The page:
Using wordpress template hierarchies to control CMS sites

If you’ve ever made a content manageable site for a less technically-savvy client, then chances are you’ve used custom templates. You’ll probably have one for the home page, and one for the content pages, and maybe one for the contact page. But what if the client wants to add a new page, and they use the wrong template? Hopefully they’ll realise quickly, and change to the appropriate template.
Some larger sites, however, end up having many layouts, and therefore many custom template, and they can become confusing to some users. This highlights the importance of naming your templates clearly and descriptively. It can help, though, to trim down the number of custom templates available to the client in the first place.
This can be done by utilising the template hierarchy built into wordpress. The full list can be found here:
This structure means that say, for instance, the home page (which is a static page) is going to have a unique layout complete with calls to action, etc, which don’t need to show up on any other pages. Instead of making a custom template file, you simply create home.php and fill it out exactly like you would the template page – just leaving out the Template Name comment at the top of the file. Now, you create the Home page inside the wordpress admin area, leave the template on ‘default’, and publish it.
When somebody visits your site wordpress automatically searches for the home.php file and applies it only to the home page. Any other pages will still use (for the time being) the index.php template. So, now you’ve created a custom template that the client does see, or need to see.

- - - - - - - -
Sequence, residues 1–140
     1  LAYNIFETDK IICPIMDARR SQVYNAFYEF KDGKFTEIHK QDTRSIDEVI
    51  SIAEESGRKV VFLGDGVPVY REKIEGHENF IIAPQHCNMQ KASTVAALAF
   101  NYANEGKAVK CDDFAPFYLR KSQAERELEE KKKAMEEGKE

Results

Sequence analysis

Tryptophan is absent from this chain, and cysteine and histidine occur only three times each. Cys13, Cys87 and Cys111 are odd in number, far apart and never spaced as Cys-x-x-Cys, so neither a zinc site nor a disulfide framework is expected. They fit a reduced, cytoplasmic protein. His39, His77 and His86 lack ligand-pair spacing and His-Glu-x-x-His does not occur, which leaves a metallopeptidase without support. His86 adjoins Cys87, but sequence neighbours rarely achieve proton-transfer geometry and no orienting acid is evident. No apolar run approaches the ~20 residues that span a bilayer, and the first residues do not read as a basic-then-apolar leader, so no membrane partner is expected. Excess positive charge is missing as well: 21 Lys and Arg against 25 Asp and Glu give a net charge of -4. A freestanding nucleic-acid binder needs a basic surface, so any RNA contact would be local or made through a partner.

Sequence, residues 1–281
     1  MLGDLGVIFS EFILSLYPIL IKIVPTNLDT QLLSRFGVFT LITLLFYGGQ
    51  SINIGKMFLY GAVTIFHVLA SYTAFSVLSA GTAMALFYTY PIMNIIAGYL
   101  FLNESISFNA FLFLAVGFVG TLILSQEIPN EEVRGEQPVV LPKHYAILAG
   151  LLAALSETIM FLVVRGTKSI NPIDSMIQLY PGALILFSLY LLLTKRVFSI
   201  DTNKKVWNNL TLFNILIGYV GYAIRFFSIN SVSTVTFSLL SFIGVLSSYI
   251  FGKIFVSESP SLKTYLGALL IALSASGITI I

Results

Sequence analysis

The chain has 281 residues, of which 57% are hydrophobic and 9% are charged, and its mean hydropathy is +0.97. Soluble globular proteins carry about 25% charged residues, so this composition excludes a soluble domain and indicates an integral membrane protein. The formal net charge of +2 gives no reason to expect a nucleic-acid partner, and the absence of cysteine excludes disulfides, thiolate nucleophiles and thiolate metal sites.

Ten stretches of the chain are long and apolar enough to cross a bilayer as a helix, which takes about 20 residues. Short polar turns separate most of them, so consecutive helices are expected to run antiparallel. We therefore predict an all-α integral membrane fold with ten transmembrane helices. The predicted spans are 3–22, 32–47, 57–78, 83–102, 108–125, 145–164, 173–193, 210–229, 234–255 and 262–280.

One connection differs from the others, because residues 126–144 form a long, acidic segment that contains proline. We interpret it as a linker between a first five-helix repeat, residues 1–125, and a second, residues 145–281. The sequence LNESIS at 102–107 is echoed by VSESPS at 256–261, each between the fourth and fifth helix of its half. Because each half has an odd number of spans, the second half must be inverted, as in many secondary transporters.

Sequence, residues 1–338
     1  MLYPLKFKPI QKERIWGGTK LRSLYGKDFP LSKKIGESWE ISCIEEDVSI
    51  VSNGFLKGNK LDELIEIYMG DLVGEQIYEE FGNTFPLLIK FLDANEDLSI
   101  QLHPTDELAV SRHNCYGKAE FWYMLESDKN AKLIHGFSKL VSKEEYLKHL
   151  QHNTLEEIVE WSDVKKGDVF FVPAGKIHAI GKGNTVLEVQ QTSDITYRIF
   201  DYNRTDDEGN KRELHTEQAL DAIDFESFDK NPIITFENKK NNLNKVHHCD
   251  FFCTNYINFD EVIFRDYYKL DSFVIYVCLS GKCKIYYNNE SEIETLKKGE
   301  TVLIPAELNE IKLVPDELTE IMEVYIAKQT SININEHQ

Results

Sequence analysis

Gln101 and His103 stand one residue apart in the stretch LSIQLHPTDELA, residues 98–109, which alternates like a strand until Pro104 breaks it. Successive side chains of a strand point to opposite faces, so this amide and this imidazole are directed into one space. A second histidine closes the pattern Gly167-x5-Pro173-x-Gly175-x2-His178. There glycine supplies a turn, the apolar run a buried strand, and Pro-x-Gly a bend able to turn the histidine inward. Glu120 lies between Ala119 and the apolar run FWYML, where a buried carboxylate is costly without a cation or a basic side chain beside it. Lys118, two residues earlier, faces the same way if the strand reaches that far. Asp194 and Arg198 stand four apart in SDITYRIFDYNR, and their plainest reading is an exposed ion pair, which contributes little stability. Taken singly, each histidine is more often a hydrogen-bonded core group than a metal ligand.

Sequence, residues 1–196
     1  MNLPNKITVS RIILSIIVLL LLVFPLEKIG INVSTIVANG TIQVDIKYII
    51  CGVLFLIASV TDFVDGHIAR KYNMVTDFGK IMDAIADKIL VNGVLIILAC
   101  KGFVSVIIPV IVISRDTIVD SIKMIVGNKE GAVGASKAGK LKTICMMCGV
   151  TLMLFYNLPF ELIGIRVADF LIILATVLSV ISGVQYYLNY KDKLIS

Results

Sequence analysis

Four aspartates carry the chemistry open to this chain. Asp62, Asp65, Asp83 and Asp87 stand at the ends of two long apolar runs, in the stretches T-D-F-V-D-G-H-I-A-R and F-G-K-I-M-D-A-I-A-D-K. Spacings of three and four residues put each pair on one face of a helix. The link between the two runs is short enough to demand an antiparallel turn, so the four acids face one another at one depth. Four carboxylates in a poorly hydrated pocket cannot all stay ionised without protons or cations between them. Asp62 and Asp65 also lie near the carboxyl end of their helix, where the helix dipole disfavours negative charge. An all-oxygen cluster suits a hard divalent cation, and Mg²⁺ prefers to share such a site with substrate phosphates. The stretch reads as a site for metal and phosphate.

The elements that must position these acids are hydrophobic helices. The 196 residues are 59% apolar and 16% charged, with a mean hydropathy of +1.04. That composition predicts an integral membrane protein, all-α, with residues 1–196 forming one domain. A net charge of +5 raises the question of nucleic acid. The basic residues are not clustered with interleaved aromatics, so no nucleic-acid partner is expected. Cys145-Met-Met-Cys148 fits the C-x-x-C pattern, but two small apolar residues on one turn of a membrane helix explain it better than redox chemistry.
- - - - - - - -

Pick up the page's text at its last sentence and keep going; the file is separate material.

The same can be done for every other page by using either page-{slug}.php or page-{id}.php (e.g. page-contact.php). Personally, I would advise using the page id, as the user may change the page slug (if, for instance, they change the page name to contact us instead of contact). If you want to make it bullet-proof, you could always use both, though I’ve never found that necessary.
Make sure that page.php (the default page template) is styled as well, as any new pages the client adds will look like this one (since they won’t have their own page-{ID}.php).
This method is not just for pages, though. A quick look at the hierarchy shows that it can be done for archives, custom posts, categories, etc. If you want a particular category of posts to show up differently, category-{slug} or {id}.php will control that for you, with any categories that don’t have their own file automatically falling back to archive.php by default. The same goes for custom posts (though these MUST use single-{post-type}.php
But what if you want posts from a certain category to have their own single.php? At the moment, WordPress doesn’t support this very well, but there’s a good workaround if these posts are only going to be part of one category.
Firstly, create your single-{category-id} or {category-slug}.php files, as well as a single-default.php. Then, open single.php, clear it out, and paste the following php:

$post = $wp_query->post;
if ( in_category('11') ) {
include(TEMPLATEPATH . '/single2.php');
} else {
include(TEMPLATEPATH . '/single-default.php');
}

Replace the ’11′ with the appropriate category id (which can be found by going to posts>categories>your-category in the wordpress admin area, and looking at the address bar). The above can be extended with as many else if lines as necessary, but make sure you always include else { include(TEMPLATEPATH . ‘/single-default.php’); } at the bottom!

Using this templating solution, the only time you really need to use page templates is when you want to give the client a choice of layouts (such as sidebar on the left, or sidebar on the right). This will result in much less confusing template choices for the client, and hopefully, less chance of them breaking the site you’ve made. Always ensure, though, that the default templates 1) exist and 2) have been styled!

Related posts:

  1. A Simple HTML5 Template Tutorial
  2. Magento Template Path Hints
  3. How To Speed Up Your WordPress Blogs
  4. Adding a custom widget area in WordPress

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